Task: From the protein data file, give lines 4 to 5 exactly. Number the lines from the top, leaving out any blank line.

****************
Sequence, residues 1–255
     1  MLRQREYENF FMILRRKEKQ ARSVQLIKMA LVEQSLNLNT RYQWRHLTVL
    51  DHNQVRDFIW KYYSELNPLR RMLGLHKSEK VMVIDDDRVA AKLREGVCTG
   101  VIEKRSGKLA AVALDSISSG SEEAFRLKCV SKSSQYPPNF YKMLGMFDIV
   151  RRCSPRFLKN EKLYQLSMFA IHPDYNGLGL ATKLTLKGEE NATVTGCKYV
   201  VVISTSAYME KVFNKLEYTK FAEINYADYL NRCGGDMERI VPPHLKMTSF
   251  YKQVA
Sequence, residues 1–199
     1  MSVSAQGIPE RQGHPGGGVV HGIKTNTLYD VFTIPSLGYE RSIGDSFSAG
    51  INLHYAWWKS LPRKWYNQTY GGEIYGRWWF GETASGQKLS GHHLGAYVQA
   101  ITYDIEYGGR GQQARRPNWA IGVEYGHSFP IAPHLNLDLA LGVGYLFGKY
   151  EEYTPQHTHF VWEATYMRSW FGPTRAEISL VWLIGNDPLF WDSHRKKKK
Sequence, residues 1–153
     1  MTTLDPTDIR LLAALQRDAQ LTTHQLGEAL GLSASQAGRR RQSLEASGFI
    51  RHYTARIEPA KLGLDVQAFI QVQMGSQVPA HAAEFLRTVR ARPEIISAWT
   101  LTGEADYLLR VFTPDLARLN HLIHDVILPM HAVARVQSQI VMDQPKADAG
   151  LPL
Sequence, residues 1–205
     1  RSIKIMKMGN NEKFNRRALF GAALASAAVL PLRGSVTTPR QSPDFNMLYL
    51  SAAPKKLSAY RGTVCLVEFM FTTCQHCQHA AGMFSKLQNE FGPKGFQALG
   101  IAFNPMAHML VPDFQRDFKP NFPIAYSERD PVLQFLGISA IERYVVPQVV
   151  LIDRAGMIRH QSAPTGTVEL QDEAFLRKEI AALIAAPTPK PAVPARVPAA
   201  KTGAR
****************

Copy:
   101  VIEKRSGKLA AVALDSISSG SEEAFRLKCV SKSSQYPPNF YKMLGMFDIV
   151  RRCSPRFLKN EKLYQLSMFA IHPDYNGLGL ATKLTLKGEE NATVTGCKYV